by Lyndsey Schaefer
Two security experts from Microsoft and The Walt Disney Studios shared their perspectives on content protection during a CDSA-produced panel at Tuesday‚Äôs LA Games Conference. Aaron Kornblum, senior director of security policy, Interactive Entertainment Business for Microsoft, and Ben Stanbury, manager of information safeguarding for The Walt Disney Studios, talked piracy in the games business with moderator Guy Finley, executive director of MESA and director of anti-piracy affairs for CDSA.
Acknowledging the constantly morphing worlds of content production and delivery, Kornblum and Stanbury said that although their companies have had processes in place for protecting physical content, there is a need to revamp the assessment processes for protecting digital content.
‚ÄúThe piracy threat is evolving. Pirates are going to follow the money, and digital piracy is thriving,‚ÄĚ Kornblum said.
Microsoft has taken proactive steps to protect its hardware and software. By utilizing its Xbox Live service as a tool to connect device and content, the company is able to identify if a console has been altered to play pirated content. According to Kornblum, if such a console is detected, it is then restricted from utilizing Xbox Live services.
Stanbury also commented that in an effort to further dissuade physical piracy, game publishers are increasingly using online connectivity to activate content features within a title (i.e., not placing the content on the disc itself).
There have been situations, Kornblum admitted, where a creative approach to a solve a particular business unit‚Äôs immediate need has resulted in increased exposure to piracy or theft.
Stanbury added, ‚ÄúTransformation of internal process has traditionally been based on need or for increased efficiencies; however, now there needs to be a more comprehensive, company-wide approach to risk management.‚ÄĚ
Both executives spoke to the importance of having trusted vendors as an integral part of the security process. They suggested keeping security in mind in the business development process, and having a flexible approach to digital content protection to achieve maximum results. They also said that having partners like the MPAA and CDSA helps support their piracy programs.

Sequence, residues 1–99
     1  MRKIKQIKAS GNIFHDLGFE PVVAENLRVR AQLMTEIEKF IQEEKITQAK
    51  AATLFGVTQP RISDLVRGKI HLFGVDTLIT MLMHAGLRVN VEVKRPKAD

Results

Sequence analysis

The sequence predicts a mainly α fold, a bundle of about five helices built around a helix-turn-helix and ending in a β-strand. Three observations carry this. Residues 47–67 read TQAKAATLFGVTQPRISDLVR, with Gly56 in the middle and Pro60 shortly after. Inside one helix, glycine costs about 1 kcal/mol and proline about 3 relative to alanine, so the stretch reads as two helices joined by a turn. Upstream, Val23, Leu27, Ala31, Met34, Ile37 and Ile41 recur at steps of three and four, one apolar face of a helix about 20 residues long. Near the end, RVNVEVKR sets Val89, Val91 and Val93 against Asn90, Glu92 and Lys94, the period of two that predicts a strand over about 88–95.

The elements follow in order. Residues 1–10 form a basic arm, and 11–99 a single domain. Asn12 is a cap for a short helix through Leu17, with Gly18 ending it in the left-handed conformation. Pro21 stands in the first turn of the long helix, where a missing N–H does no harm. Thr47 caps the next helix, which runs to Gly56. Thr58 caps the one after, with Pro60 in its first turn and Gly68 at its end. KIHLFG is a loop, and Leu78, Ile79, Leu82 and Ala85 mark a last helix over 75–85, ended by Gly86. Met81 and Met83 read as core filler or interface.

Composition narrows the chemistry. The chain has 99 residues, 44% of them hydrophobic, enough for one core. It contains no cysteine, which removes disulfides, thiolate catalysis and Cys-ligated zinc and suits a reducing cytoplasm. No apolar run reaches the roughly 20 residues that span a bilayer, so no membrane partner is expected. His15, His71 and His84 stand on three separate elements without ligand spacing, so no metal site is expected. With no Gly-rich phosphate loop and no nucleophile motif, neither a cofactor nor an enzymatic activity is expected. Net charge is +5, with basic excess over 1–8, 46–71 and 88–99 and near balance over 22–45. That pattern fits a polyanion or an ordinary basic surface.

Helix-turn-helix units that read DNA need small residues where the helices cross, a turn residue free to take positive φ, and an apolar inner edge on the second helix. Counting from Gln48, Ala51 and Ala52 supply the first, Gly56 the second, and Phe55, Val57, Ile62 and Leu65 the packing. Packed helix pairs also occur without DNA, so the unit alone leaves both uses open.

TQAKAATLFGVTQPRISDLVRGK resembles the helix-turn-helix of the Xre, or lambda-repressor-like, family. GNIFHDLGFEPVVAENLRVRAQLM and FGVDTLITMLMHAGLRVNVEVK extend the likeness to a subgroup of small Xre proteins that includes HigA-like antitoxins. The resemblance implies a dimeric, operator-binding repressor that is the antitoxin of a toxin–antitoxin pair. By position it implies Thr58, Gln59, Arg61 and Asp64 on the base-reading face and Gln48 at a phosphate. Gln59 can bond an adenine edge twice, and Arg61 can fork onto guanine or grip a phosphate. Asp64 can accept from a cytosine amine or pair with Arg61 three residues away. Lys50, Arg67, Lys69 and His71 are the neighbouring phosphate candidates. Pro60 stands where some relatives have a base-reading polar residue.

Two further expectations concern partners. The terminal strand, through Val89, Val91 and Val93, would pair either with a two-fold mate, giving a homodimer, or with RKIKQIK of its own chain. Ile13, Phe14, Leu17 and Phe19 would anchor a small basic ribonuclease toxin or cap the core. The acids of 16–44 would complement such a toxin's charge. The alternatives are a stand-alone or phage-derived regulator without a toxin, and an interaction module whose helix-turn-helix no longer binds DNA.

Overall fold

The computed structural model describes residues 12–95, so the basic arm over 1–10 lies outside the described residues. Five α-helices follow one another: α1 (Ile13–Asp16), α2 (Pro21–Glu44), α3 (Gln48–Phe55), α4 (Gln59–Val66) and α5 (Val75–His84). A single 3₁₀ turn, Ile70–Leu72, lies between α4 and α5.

California Governor Jerry Brown on Sunday signed into law a new set of anti-piracy measures for the state‚Äôs optical disc manufacturing business, strengthening existing laws that require CD, DVD, and Blu-ray replicators to include source identification information on every disc they manufacture.
The new law enables enforcement officers to conduct inspections of replication facilities without a warrant, and to seize noncompliant discs or production parts. Replicators in the state also face stiffer criminal penalties for noncompliance than under the previous laws.
Full text of the new measures is available here. The legislation was introduced earlier this year by California State Senator Alex Padilla with support from the Recording Industry Association of America (RIAA).
Update: The new law takes effect January 1, 2012. ‚ÄúThis new law is about protecting California jobs,‚ÄĚ Sen. Padilla commented in a press release. ‚ÄúThose who illegally replicate CDs and DVDs undermine our economy and California‚Äôs role as a global leader in music and film.¬†¬†Illegal replication of CDs and DVDs steals revenue from everyone in the entertainment industry, from blue collar workers to those who walk the red carpet.‚ÄĚ
A bill that requires California‚Äôs optical disc manufacturers to comply with stricter anti-piracy measures has passed in both houses of the state‚Äôs legislature.
Following the California Assembly‚Äôs passage of the SB 550 bill on Wednesday (via California Newswire), the State Senate agreed to the Assembly‚Äôs amendments (PDF of the latest version of the bill here). The legislation, introduced earlier this year by California State Senator¬†Alex Padilla, aims to strengthen an existing law that requires the state’s CD, DVD, and Blu-ray replicators to include source identification information on every disc they manufacture.
A spokesman for State Sen. Padilla told M&E Daily that the anti-piracy bill was now “on its way” to the desk of California Gov. Jerry Brown for his signature. The Governor has not commented on the pending legislation.